The ability to probe and control light-matter interaction at the nanometer scale not only advances frontiers of fundamental science, but also is a critical prerequisite to device applications in electronics, sensing, catalysis, energy harvesting, and more. Exploiting and enhancing the originally weak light-matter interactions via nanofabricated photonic structures; we will be able to sense chemical species at single molecule levels, to devise better imaging and manufacturing tools, to transfer data more efficiently at higher speed. In this invited talk, I will present recent progress in Prof. Xiang Zhang's group on the subject of light-matter interaction in perovskites.
The formation of half-light half-matter quasiparticle exciton polariton and its condensation in semiconductor microcavities are striking phenomena for the macroscopically quantum coherence at elevated temperature. The matter constituent of exciton polariton dictates the interacting behaviors of these bosonic particles primarily via exciton-exciton interactions. However, these interactions are all limited to the ground state exciton, although they are expected to be much stronger at Rydberg states with higher principal numbers. Here, for the first time, we observe the spontaneous formed Rydberg exciton polaritons (REPs) in a high quality Fabry-Perot cavity embedded with single crystal inorganic perovskite. Such REPs exhibit strong nonlinear behavior and anisotropic, enabling an anomalous dynamic process that leads to a coherent polariton condensate with prominent blue shift. This discovery presents a unique platform to study quantum coherent many-body physics, and enables unprecedented manipulation of these Rydberg states by new means such as chemical composition engineering, structural phase control, and external gauge fields. The solid state REP and its condensates also hold great potential for important applications, such as sensing, communication, and quantum computing.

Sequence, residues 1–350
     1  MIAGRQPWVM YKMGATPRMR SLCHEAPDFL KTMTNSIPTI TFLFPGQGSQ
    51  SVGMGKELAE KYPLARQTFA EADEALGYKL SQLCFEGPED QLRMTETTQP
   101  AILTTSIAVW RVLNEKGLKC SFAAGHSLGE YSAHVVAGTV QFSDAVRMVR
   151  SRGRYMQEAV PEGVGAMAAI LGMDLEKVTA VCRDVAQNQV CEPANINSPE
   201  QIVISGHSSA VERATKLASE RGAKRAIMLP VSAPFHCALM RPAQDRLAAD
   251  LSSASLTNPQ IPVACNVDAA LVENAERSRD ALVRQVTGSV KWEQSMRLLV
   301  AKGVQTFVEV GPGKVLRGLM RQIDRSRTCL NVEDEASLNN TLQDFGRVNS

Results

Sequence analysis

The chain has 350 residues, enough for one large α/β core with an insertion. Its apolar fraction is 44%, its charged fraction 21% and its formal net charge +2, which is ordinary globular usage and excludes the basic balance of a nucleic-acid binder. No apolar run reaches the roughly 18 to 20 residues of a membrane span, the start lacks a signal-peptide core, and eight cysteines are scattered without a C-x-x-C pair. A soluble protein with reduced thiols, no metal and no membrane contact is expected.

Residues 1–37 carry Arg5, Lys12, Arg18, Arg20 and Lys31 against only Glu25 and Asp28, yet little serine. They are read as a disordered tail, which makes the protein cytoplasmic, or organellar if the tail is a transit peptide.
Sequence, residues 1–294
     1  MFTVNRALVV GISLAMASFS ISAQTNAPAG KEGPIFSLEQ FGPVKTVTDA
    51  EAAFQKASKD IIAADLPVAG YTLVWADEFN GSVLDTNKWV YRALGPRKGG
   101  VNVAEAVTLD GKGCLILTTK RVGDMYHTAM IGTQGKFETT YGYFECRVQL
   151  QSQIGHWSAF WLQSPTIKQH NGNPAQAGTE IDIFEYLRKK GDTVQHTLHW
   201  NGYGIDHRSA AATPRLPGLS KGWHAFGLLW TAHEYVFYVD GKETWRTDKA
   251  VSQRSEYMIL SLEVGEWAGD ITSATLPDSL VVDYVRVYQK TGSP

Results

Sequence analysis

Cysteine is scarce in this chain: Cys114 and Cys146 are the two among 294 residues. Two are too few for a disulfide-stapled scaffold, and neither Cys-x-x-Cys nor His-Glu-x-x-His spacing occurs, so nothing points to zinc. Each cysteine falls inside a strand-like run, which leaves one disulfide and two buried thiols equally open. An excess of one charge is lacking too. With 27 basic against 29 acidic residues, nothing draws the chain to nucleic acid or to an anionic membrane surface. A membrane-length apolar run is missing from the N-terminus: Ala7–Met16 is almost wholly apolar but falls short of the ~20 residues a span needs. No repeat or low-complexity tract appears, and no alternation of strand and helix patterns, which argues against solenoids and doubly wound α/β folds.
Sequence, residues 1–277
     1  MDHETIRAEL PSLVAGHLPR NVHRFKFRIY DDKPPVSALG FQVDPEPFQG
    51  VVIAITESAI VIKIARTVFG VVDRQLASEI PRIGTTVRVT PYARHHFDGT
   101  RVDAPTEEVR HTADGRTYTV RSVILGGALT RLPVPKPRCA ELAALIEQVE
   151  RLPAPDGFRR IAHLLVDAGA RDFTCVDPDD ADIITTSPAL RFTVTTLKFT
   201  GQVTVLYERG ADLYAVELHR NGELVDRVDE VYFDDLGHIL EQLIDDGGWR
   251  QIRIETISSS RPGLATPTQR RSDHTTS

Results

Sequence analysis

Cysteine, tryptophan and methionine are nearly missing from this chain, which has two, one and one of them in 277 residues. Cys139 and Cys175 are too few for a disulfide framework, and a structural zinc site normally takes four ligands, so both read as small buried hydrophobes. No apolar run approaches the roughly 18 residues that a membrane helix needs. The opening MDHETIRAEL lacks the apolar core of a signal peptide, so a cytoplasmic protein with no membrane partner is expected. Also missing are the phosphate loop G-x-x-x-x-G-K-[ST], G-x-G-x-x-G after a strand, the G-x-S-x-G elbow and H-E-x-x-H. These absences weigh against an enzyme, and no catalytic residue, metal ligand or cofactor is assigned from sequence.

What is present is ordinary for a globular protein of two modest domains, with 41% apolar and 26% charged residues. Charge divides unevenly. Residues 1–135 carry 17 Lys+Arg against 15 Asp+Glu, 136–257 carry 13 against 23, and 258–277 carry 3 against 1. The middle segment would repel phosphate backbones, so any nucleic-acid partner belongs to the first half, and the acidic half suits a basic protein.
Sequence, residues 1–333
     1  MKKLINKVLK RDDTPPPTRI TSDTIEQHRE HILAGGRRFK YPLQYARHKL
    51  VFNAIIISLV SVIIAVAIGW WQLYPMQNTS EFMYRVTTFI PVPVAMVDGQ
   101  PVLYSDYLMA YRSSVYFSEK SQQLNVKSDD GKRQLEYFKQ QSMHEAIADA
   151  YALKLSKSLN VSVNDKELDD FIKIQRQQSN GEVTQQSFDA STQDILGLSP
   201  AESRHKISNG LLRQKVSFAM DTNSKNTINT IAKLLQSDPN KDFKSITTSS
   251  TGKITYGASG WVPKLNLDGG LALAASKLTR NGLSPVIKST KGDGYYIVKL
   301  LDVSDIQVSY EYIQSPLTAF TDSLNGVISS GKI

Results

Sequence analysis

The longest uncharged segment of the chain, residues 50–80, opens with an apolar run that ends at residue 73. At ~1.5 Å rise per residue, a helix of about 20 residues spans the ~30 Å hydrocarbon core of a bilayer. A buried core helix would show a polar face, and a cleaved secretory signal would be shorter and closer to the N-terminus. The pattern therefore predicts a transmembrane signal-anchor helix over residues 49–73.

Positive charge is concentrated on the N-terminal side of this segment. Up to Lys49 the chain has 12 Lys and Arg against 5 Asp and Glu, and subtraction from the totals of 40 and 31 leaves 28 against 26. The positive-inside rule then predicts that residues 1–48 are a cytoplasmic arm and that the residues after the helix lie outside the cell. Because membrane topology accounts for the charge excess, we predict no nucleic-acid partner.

Monolayer transition metal dichalcogenides (TMD) with confined 2D Wannier-Mott excitons are intriguing for the fundamental study of strong light-matter interactions and the applications of exciton-polaritons based devices at high temperatures. However, the research of 2D exciton-polaritons has been hindered, because the polaritons in these atomically thin semiconductors discovered so far can hardly support strong nonlinear interactions and quantum coherence due to uncontrollable polariton dynamics and weakened coherent coupling. In this work, we demonstrate, for the first time, precisely controlled hybrid composition with angular dependence and dispersion-correlated polariton emission by tuning the polariton dispersion in TMD over a broad temperature range of 110-230 K in a single cavity. This tamed polariton emission is achieved by the realization of robust coherent exciton-photon coupling in a monolayer tungsten disulphide (WS2) with large splitting-to-linewidth ratios (SLR, >3.3). The unprecedented ability to manipulate the dispersion and correlated properties of TMD exciton-polariton at will offers new possibilities to explore important quantum phenomena such as Bose–Einstein condensation (BEC) and superfluidity, but also holds great promise to applications for the inversionless lasers and valleytronic devices.